That's part of why I keep a HELOC. I've got cash for several months worth, and non-retirement investments which would carry us quite a ways beyond that, but in the event of a crisis, once the cash was spent, I like having the flexibility to choose between the HELOC and liquidating other investments (most of which would have real tax consequences to their liquidation - ie. long-term cap gains).
The thing is that the HELOC is trivial to write a check off of - nice to be able to do that - and then take your time figuring out which taxable investments, if necessary, to liquidate to pay it off - if at all. And way *way* cheaper money than, say, a margin line off of your brokerage account.
Reply to
BreadWithSpam
"Daniel T." writes:
Um, if your bank is charging you closing costs and anything more than $50/yr to keep the HELOC open, you're getting ripped off.
Not much. Open the HELOC, borrow nothing but have it available and your total costs are exactly just that $50/yr.
I don't see much downside to it, but maybe I'm missing something that Daniel is seeing here?
Reply to
BreadWithSpam
Mark Bole writes:
He'd have to burn through a lot of other stuff before the "losing your home" argument has any weight. For someone with zero investments outside of his home and retirement account, it might be a concern, but someone who's built up additional assets would need to burn through all those assets, too, before foreclosure and/or bankruptcy became an issue. In fact, having the HELOC may be a very helpful thing to help _keep_ as much of the equity he's got in his house as possible. If he did run out of assets to sell off to pay his mortgage, he'd go into default and potentially have to sell under duress - or foreclosure and have the bank sell it with little incentive to get more than his mortgage balance out of it. The HELOC may provide a cushion and the time to sell the place off in an orderly and, hopefully, more profitable fashion, should it come to this highly unlikely (given his existing savings and apparent history) extreme.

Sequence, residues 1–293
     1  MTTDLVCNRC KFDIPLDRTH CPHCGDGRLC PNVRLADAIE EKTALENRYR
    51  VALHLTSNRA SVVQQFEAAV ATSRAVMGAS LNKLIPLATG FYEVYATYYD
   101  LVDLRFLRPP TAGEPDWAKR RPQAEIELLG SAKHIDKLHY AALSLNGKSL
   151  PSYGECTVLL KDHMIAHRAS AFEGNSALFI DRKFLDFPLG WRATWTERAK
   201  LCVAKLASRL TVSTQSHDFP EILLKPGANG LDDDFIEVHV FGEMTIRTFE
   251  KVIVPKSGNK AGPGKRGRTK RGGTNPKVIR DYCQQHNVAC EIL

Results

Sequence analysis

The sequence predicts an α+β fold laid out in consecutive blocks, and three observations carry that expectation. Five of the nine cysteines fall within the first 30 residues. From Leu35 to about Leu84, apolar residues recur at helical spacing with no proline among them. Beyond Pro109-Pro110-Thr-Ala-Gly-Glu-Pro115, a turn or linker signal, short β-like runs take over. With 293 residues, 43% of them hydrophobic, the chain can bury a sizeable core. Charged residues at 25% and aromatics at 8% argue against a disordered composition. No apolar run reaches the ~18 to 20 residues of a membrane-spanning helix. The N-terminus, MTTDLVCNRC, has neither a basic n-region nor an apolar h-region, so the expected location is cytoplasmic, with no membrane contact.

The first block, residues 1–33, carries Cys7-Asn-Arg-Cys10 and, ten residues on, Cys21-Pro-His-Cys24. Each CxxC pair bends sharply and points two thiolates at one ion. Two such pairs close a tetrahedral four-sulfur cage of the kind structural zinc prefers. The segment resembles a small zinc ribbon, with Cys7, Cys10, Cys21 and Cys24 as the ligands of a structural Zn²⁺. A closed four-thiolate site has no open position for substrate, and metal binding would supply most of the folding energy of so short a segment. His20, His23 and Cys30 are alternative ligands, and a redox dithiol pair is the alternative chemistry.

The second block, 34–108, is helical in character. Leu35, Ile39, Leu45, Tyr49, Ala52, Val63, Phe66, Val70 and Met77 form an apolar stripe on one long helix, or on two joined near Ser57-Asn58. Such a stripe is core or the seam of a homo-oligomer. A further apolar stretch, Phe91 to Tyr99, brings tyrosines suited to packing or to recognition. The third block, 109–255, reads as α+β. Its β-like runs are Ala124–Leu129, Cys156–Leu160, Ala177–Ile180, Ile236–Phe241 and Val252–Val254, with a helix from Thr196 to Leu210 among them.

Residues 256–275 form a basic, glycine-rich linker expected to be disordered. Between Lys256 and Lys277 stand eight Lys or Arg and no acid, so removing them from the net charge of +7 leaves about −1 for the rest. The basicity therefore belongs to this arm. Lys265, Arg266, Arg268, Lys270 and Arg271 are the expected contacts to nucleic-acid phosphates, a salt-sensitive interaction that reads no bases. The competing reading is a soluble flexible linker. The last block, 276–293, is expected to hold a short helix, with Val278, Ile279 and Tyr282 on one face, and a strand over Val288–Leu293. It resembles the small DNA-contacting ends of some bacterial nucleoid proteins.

Reply to
BreadWithSpam
But that isn't the choice presented. The choice, as I understand it, is getting a HELOC compared to moving some assets into a more liquid state.
Reply to
Daniel T.
There you go. Now what are the costs of liquidating enough of the OPs investments to make his wife comfortable? Is it more or less than $50/year?
Not likely. I'm pretty green when it comes to this stuff
Reply to
Daniel T.
"Daniel T." writes:
I see, I think we were talking past each other. You are arguing in favor of opening the HELOC rather than readjusting his asset mix to have more liquid emergency funds and comparing the costs of both. I was simply saying that opening the HELOC costs basically nothing. It looked to me like you were somehow assigning a high cost to opening up the HELOC, but I think I misread.
Reply to
BreadWithSpam
Well, I wasn't arguing in favor of the HELOC. I really had no idea how much it would cost to open a HELOC or keep it open. I was simply explaining what costs I would compare to determine what I would do, given the two choices.
Reply to
Daniel T.